According to a news item in Modern Healthcare Online today, hospital-specific errors in Washington state are no longer being made available to the public, after the state sided with the hospital association in interpreting a 2006 law on quality improvement.
That law expanded the list of mistakes hospitals were required to report to 28 serious, preventable errors outlined by the National Quality Forum. For more than a year, the state has made that data available to the public, revealing serious errors at individual hospitals.
But, under the language of the law, the state should have been reporting those errors in aggregate, according to the Washington State Hospital Association. The intent of the law was “error prevention, rather than finger-pointing,” said Cassie Sauer, spokeswoman for the hospital association. Last month, the state sided with the association and stopped releasing data from individual hospitals.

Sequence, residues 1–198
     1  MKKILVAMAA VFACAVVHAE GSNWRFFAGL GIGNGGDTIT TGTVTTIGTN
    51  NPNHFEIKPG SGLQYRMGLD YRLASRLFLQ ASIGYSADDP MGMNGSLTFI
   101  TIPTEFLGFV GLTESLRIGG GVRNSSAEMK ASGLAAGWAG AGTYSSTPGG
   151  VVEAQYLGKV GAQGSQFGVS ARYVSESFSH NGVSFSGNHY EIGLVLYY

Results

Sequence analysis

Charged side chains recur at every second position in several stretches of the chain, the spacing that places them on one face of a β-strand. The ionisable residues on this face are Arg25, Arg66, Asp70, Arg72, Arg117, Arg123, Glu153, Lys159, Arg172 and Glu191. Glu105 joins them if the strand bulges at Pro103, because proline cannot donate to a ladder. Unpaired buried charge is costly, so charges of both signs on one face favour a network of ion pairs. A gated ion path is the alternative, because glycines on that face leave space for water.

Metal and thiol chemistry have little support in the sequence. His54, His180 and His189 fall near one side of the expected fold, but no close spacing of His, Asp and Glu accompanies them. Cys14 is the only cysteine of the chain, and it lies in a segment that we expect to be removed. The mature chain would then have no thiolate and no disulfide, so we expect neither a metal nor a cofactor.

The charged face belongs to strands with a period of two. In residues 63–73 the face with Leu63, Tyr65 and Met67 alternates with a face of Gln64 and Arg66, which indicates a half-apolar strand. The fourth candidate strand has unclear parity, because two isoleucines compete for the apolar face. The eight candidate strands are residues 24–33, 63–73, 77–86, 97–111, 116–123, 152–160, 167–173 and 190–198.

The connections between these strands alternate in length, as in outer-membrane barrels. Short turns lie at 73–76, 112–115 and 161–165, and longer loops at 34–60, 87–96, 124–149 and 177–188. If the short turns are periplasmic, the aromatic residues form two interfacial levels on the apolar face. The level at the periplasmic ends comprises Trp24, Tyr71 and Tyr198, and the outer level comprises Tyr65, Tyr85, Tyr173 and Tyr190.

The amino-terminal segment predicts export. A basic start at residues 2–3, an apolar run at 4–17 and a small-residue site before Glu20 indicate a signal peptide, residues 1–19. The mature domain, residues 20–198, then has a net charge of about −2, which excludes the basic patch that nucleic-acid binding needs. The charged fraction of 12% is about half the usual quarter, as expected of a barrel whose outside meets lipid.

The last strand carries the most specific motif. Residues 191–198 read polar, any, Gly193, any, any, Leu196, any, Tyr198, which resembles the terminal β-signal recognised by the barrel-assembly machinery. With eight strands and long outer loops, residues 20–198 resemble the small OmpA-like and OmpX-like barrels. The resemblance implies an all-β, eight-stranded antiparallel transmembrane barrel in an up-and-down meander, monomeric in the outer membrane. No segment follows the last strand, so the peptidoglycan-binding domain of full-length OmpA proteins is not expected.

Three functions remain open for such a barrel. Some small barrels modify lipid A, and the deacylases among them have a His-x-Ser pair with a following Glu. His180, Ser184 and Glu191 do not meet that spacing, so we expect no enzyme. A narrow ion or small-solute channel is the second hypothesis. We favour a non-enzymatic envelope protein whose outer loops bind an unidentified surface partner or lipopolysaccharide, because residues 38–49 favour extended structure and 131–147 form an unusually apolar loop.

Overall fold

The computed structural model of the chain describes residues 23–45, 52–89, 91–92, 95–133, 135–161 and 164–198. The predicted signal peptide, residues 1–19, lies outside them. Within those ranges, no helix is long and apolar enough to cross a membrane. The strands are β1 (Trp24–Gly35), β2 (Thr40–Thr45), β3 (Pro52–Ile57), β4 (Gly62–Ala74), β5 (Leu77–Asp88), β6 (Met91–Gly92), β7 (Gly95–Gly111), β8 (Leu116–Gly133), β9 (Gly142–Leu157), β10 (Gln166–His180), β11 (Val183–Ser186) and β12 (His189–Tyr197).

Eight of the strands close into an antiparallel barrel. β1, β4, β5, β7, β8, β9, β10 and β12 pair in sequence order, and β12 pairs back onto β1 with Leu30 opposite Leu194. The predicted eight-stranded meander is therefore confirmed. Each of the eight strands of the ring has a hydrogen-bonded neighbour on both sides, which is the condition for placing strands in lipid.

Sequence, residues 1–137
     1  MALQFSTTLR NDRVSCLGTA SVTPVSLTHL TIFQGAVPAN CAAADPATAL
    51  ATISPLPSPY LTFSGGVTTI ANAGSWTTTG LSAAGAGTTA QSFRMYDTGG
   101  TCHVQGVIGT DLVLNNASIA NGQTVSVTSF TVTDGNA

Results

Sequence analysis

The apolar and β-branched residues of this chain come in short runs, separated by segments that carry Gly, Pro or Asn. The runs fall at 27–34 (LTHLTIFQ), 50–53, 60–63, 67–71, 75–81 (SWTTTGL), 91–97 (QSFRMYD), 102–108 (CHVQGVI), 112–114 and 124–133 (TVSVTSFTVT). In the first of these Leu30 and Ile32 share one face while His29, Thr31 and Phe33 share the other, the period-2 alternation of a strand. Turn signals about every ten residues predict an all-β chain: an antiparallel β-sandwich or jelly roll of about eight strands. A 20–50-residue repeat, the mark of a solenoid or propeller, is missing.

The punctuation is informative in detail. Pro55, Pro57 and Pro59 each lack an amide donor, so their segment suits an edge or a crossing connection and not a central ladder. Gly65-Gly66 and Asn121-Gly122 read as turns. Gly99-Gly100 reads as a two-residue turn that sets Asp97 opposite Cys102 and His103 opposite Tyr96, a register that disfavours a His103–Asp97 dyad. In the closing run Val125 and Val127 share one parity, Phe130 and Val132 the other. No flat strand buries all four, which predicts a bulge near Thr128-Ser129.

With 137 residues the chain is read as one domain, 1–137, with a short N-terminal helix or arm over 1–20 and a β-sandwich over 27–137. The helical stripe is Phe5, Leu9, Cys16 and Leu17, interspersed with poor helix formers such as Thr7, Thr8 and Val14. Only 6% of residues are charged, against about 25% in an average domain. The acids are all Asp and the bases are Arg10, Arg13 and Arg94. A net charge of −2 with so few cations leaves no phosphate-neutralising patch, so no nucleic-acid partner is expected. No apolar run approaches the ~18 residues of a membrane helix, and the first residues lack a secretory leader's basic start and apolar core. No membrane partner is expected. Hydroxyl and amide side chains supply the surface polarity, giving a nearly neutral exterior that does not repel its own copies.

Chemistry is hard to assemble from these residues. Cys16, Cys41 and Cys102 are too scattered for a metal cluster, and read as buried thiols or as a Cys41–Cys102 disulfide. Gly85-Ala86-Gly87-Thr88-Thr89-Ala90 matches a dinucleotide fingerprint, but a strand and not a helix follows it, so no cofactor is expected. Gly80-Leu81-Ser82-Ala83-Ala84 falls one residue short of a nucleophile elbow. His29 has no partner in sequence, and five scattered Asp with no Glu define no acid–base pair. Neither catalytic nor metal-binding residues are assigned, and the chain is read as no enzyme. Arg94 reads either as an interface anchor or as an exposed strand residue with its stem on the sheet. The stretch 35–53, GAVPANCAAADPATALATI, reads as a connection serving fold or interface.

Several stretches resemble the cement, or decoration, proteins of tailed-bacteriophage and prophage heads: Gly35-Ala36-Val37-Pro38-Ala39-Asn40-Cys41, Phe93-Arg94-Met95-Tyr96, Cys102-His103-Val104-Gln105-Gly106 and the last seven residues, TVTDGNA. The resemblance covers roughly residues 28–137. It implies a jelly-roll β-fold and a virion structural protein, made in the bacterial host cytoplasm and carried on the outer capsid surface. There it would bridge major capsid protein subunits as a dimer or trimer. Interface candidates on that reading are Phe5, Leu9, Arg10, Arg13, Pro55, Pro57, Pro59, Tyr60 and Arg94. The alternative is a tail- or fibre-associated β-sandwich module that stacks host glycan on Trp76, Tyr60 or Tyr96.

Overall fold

It’s unclear how the state’s reporting rules will work with the CMS’ new rules on reimbursement for so-called “never events” and other preventable errors, Sauer said. “We’re going to have to figure out how these regulations will work together,” she said.
In April this year, the Washington Senate approved a bill that requires hospitals in the state to disclose the rate at which patients acquire certain infections during treatment. HB 1106, was designed to spur hospitals to improve care and reduce infections. Currently nineteen states require infection reporting, but not all make the information public.